Defendant contends that the evidence was insufficient to establish his guilt. It is argued that there was no evidence at the trial that the safe which Robert and Braxton Anderson were trying to open was the safe which had been taken from the loan office. We agree that the State's evidence was insufficient to establish that the safe which was in the possession of the defendant and others was the safe taken from the loan company and that evidence of defendant's possession of such safe, standing alone, would be insufficient to establish his guilt of the crime charged in the indictment.
However, officer Ferguson testified at the trial that defendant admitted committing the burglary. Also, there was evidence that defendant resisted arrest and fled the jurisdiction. Defendant argues that the confession should be disregarded since it is based upon testimony which defendant characterizes as completely unreliable. Defendant claims that it is beyond belief that he would have voluntarily admitted his guilt to officer Ferguson on the train. However, it is not the function of this court to pass upon the credibility of the testimony at the trial. That question is within the province of the jury who heard the evidence and observed the witnesses. Officer Ferguson's uncontradicted testimony that defendant admitted his guilt, together with the corroborating evidence of defendant's resistance and flight was sufficient to establish his guilt beyond a reasonable doubt.
Defendant contends that the money that was introduced in evidence was not sufficiently identified as that which had been in the loan company safe. Carl Wilson testified on direct examination that the money which was introduced in evidence was the same money as that which had been removed from the safe and testified that the money which had been removed from the safe had been partially burned. The money which was introduced in evidence was likewise partially burned and was approximately the same amount, after making allowance for Wilson's payment to his confederates for their assistance in opening the safe. We are of the opinion that the money was properly admitted in evidence.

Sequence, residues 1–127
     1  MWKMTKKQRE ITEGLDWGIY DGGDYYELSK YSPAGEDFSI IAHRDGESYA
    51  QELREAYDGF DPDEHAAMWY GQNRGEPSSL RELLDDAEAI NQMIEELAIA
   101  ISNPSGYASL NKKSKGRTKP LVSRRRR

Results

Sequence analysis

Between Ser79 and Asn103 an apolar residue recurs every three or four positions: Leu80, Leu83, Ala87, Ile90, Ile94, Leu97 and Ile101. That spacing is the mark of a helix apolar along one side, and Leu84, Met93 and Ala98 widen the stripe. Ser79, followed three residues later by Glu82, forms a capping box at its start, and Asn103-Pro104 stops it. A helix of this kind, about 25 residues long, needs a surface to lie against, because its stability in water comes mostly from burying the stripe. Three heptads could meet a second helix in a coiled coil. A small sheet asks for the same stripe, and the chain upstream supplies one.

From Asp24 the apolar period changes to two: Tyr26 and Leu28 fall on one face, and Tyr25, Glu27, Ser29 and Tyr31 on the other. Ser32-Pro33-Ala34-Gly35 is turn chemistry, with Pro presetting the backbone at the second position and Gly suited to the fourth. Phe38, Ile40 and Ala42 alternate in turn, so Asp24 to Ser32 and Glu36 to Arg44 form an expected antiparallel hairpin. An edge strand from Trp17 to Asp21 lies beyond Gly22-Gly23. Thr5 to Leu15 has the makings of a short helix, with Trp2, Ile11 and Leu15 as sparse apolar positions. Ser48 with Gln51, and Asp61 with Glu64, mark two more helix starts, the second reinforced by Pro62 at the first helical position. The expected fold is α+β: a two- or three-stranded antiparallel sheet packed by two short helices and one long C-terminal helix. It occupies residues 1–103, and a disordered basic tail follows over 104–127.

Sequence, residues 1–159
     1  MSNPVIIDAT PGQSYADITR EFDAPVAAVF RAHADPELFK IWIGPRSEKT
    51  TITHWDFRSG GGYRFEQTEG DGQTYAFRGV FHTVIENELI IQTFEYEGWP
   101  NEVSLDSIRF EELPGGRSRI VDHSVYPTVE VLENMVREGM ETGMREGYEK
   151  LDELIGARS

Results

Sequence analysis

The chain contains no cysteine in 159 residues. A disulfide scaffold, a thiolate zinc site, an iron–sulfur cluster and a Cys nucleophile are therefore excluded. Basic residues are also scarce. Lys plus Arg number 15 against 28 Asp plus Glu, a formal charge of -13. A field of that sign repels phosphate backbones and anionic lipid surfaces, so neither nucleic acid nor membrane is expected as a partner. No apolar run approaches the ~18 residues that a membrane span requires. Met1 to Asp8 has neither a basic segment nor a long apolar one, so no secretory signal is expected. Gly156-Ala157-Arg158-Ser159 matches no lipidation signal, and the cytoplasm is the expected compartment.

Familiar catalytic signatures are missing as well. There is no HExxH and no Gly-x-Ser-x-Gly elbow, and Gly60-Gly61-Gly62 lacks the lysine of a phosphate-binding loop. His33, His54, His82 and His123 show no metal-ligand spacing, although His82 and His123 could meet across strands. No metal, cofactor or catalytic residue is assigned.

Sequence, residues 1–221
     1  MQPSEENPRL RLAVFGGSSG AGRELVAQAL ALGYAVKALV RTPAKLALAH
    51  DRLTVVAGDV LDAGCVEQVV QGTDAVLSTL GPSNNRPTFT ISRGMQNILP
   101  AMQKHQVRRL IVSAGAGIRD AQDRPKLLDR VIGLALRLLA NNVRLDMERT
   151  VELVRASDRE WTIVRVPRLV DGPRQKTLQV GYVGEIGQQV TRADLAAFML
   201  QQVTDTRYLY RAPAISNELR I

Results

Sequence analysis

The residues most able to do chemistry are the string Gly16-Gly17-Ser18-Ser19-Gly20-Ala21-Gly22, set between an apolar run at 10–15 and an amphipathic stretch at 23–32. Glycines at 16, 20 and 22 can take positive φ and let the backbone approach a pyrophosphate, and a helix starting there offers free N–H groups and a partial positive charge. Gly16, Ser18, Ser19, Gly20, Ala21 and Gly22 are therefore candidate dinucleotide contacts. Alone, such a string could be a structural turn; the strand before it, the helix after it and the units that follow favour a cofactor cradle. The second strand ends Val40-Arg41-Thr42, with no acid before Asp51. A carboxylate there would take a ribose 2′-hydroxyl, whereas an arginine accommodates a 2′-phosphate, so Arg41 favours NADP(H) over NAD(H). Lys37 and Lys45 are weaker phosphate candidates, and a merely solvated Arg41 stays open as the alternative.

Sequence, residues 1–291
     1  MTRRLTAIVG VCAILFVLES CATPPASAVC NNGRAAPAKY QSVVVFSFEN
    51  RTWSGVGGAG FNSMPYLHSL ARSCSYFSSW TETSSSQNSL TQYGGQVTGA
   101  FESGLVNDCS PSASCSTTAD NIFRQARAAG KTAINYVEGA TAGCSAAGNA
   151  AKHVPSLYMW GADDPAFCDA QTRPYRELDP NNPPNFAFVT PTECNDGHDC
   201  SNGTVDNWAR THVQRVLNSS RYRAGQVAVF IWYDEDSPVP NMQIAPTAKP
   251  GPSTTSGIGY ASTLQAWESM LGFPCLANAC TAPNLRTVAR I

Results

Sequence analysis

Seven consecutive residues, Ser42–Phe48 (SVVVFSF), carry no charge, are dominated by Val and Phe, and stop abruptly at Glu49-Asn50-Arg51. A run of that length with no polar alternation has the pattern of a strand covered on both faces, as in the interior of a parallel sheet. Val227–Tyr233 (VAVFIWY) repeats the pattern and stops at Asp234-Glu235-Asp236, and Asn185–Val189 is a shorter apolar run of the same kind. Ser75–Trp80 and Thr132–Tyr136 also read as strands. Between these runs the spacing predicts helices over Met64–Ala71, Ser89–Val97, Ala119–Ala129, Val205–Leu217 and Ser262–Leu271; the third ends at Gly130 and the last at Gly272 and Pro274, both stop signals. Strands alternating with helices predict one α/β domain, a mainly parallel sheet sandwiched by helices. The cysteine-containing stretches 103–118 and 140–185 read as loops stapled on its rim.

Defendant further urges that evidence of the circumstances of the attempted arrest and the shooting of officer Trigg was highly prejudicial and should not have been admitted and argues that the evidence does not clearly show that officer Trigg identified himself as a police officer and that therefore it is insufficient to show that defendant had knowledge that he was being subjected to arrest at the time. Both officer Ferguson and officer Trigg testified that Trigg identified himself as a police officer and Trigg testified that he was holding his police badge in his hand. Defendant argues that he may have resisted either in self-defense or that he may have been resisting arrest for an entirely different reason from that charged in the indictment.
Evidence of resistance to arrest is competent as tending to show guilt of the crime charged in the indictment. (McKevitt v. People, 208 Ill. 460; Jamison v. People, 145 Ill. 357.) Defendant introduced no evidence to explain his resistance to the arrest, and, having failed to do so at the trial, cannot now contend that the evidence has no probative value.
Finally it is argued that the trial judge improperly considered at the hearing in aggravation the fact that defendant shot officer Trigg at the time of the attempted arrest. The evidence of the shooting was admissible in evidence as we have heretofore held. Prior to the imposition of sentence defendant admitted that he shot two police officers. While the sentence was severe, it was within the range established by the legislature and we will not question the trial judge's discretion on the imposition of sentence.
We have fully considered all of the assignments of error and are of the opinion that defendant received a fair trial and that the evidence was sufficient to establish his guilt beyond a reasonable doubt. The judgment of ...